Doctors had placed Behne on a rigid, extremely low-carbohydrate diet along with putting him on anti-fungal medications for several months to treat his auto-brewery syndrome prior to his incarceration, McBride added.
Despite McBride’s recommendation, Behne was placed with the regular population at the London Correctional Institution, where he is limited to eating the food served to all inmates rather than the doctor-recommended diet.
After repeated requests for an interview, the ODRC provided this written statement from deputy communication chief Sara French:
"Generally speaking, all inmates that enter into ODRC’s custody are examined by both medical and mental health providers at reception. ODRC will provide treatment and/or monitor any diagnoses that require follow-up care. If an inmate’s parent institution is unable to provide the necessary level of care, ODRC will transfer the inmate to one of our medical facilities or transport them to an outside provider. All inmates also have the option to submit a request to medical at their institution if they have an issue and need to be seen."
The London Correctional Institution allowed a breathalyzer test during WCPO’s interview with Behne, which registered zero alcohol. He said the treatment he received in the months leading up to his incarceration helped reverse the symptoms of the disease, but he said he does not believe he is completely cured yet.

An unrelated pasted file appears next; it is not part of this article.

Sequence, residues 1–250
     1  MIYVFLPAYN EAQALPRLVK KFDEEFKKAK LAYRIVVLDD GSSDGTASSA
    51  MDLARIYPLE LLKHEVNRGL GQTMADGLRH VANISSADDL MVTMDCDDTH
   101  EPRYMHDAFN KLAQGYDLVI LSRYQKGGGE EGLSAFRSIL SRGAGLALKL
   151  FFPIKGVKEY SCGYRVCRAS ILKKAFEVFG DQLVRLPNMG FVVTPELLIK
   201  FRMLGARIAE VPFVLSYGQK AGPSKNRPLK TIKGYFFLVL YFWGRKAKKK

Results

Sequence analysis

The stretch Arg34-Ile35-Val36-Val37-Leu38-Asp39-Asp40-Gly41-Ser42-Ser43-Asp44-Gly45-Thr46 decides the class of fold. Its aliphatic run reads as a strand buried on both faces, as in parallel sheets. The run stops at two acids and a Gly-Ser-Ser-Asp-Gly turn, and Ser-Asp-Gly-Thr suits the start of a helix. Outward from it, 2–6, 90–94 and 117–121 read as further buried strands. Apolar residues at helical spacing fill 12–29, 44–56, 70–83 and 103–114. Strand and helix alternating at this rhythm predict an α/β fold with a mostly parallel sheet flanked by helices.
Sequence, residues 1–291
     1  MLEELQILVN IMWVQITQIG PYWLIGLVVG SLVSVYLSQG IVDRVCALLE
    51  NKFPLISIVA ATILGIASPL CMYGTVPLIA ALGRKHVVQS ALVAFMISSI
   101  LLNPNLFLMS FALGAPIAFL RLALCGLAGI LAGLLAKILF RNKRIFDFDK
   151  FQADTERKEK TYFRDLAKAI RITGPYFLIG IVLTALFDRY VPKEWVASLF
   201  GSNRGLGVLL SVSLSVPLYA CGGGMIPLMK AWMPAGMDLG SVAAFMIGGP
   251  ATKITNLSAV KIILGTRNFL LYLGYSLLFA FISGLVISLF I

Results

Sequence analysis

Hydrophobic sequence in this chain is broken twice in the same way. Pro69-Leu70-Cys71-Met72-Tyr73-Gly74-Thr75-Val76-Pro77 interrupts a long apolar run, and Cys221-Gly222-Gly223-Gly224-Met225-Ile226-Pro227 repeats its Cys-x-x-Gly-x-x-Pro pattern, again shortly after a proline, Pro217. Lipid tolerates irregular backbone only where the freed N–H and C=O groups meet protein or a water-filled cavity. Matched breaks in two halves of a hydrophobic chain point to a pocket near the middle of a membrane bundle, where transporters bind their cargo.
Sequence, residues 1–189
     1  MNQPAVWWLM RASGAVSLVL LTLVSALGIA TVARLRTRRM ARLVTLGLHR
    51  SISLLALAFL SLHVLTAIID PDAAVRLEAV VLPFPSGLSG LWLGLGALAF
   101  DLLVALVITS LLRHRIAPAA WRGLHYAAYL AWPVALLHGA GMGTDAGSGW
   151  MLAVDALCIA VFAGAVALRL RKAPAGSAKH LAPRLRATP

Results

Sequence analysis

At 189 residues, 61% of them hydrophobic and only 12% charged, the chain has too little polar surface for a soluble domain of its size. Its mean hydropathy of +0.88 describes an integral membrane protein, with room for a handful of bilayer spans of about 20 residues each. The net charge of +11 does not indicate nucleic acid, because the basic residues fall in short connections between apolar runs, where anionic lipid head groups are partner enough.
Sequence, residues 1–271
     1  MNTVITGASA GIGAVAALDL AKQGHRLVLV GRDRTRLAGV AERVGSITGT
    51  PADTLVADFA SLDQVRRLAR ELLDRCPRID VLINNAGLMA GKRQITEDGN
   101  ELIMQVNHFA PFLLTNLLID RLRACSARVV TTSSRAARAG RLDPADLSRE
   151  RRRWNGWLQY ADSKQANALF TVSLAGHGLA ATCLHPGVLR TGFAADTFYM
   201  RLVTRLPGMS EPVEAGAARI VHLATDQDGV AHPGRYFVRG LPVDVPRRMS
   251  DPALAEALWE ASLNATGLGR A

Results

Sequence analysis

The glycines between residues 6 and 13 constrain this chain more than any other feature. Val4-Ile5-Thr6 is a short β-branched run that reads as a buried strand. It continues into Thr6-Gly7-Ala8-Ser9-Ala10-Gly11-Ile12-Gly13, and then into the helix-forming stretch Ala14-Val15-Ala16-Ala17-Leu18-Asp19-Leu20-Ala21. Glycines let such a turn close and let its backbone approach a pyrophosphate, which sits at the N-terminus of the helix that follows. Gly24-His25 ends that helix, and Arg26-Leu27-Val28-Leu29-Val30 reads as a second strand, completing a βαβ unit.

Behne said he has had a few more “flare-ups” of the disease, during which his eyes became “glazed” and he became very tired.
“It feels like such a travesty,” Betsy Behne said. “We don’t want anybody else to have to go through this…because it is an honest legitimate condition.”
Forrest Behne said he sent a letter of apology to the victim of his crash but has not spoken to him. He said he does wrestle with feelings of guilt.
“I’m deeply sorry for what happened,” Behne said. “It doesn’t make it much easier knowing that this condition was the reason for the accident. It still happened and I’m sorry for that.”
Behne has served six months of the mandatory two-year sentence in his plea agreement. He said he has an interest in pursuing a law degree when he gets out of prison.
“I don’t expect any changes in my circumstances, but I believe that putting the story out there will help somebody," he said. "That’s my goal."